One of the most common questions asked by many of us in the workplace, particularly in the earlier stages of our career, is: “What am I called to do?” And given the range of industries and job functions that exist today, it is not uncommon to regularly ask whether we should stay where we are or whether we should move onto something different.
How then do we find out what we’re called to do? Certainly, the first step is to pray and ask God for wisdom because He gives generously and will answer our prayers (James 1:5). What next? Calling can be difficult to evaluate because it can be viewed as something subjective. How do we do we know if we’re really called to something or if it’s just our preference? Are those mutually exclusive?
Fortunately, while the topic of calling can be very complex and nuanced, God’s Word simplifies it for us. If you were to do a survey of our calling in the New Testament, you would find that our calling is pretty clear. Here are a few examples of what God has called us to:
- “…called to belong to Jesus Christ.” (Romans 1:6)
- “…called to be saints.” (Romans 1:7, 1 Corinthians 1:2)
- “…called into the fellowship of his Son, Jesus Christ our Lord.” (1 Corinthians 1:9)
- “…called to the one hope.” (Ephesians 4:4)
- “…called us to a holy calling.” (2 Timothy 1:9)
- “…called you out of darkness into his marvelous light.” (1 Peter 2:9)
- “…called us to his own glory and excellence.” (2 Peter 1:3)
To what does God call us? Our calling is to follow Jesus as His disciple — to know Him, to imitate Him as saints, to have fellowship with Him, to hope in Him, to see His glory. (If you would like to go deeper into this topic, Os Guiness has written a great book on this called, “The Call”.)
Therefore, as we face career choices, God gives us guidance by telling us that whatever we do, we should seek to follow Jesus as our primary call. Have you ever used that as your ultimate criteria for evaluating a job? Or, if you are currently unhappy at work, how might reflecting on your primary call to Jesus affect your outlook?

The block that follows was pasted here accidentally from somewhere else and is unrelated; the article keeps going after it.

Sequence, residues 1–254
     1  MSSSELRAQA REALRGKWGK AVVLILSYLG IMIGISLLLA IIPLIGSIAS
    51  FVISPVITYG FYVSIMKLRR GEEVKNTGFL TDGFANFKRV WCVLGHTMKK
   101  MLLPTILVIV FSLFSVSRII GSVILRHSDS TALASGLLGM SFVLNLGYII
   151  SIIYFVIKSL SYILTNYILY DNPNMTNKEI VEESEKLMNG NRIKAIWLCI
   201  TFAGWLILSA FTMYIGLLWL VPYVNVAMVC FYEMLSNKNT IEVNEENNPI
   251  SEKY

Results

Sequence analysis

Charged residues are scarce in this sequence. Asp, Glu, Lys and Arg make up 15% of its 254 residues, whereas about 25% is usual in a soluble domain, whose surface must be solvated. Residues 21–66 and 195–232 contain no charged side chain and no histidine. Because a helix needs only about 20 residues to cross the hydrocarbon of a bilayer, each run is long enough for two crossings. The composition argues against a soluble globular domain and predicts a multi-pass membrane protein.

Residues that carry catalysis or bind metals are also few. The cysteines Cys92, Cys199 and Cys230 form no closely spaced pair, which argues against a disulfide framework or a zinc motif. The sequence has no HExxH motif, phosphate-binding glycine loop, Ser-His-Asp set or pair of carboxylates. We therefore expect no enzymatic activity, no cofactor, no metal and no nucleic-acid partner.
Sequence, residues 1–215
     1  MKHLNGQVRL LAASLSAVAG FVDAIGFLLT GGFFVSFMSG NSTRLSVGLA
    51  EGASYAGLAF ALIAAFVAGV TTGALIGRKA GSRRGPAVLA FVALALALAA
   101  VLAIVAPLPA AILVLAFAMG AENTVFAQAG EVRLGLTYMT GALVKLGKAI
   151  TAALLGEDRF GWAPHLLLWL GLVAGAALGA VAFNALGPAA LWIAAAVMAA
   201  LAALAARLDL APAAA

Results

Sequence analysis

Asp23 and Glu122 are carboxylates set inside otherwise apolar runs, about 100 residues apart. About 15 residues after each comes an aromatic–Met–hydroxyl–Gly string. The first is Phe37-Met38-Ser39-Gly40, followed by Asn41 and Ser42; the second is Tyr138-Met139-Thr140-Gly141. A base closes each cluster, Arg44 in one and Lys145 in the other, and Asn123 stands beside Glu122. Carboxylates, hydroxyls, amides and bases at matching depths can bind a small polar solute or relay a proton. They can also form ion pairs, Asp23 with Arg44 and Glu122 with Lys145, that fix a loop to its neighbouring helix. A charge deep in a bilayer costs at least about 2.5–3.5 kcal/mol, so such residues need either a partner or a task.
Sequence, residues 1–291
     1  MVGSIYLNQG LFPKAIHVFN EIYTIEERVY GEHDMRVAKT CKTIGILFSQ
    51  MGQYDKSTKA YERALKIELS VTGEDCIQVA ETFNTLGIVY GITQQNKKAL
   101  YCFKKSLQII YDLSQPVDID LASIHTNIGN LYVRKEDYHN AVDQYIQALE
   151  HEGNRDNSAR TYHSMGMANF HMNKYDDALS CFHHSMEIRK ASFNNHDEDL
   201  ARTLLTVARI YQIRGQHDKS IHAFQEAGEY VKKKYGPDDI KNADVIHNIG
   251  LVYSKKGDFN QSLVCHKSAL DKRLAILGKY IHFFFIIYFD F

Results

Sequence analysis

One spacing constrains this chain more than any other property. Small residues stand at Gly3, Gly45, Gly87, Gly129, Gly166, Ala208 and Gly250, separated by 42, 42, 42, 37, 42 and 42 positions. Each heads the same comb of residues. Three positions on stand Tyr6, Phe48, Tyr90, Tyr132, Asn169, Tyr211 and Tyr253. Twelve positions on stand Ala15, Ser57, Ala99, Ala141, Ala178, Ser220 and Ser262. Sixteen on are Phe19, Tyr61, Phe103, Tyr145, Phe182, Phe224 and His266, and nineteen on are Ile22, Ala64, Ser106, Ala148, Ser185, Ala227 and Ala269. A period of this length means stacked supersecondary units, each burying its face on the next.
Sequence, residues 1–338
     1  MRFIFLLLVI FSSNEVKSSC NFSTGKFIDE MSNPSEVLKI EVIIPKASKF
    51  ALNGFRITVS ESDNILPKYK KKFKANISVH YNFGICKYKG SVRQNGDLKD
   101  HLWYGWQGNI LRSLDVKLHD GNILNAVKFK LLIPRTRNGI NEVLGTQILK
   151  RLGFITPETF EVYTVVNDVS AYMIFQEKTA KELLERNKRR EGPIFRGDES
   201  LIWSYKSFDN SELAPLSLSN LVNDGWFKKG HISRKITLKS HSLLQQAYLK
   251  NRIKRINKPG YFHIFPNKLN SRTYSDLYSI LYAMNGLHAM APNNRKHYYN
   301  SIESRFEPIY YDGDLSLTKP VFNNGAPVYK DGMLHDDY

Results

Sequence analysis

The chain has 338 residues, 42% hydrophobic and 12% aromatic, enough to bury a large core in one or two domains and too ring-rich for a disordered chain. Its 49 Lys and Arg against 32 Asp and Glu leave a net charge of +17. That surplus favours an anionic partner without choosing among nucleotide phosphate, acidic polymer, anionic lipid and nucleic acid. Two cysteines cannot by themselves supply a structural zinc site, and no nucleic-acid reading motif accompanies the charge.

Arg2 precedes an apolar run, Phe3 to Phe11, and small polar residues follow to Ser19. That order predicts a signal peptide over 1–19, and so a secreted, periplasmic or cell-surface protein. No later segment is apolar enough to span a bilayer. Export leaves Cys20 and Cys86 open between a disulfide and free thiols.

Practically, then, how might following Jesus affect what type of job to take?
As mentioned above, answering that question first requires much prayer. Second, God’s Word is sufficient — meaning that it provides all the instruction we need to live a life that pleases God in every aspect, including our careers — and we should thus look intently into the Bible for direction. God has also given us members of His church to provide counsel according to His Word and to hel pus evaluate questions like how would a potential job impact your ability to follow Jesus in your family, church, and community.
If you’re interested in learning more about what God’s Word has to say about following Jesus and making career choices, come to our seminar this Saturday, May 4 from 10 AM to 12 PM (yes, this post is part shameless promotion)!
Bill Fullilove, a pastor at McLean Presbyterian Church and a professor at Reformed Theological Seminary will be joining us and giving a talk entitled “Christian Calling and Career Choices”. Bill brings a unique perspective as pastor, theologian, and former businessman, and has counselled many people at their beginning of their careers on this topic. You can learn more at the event page on the City.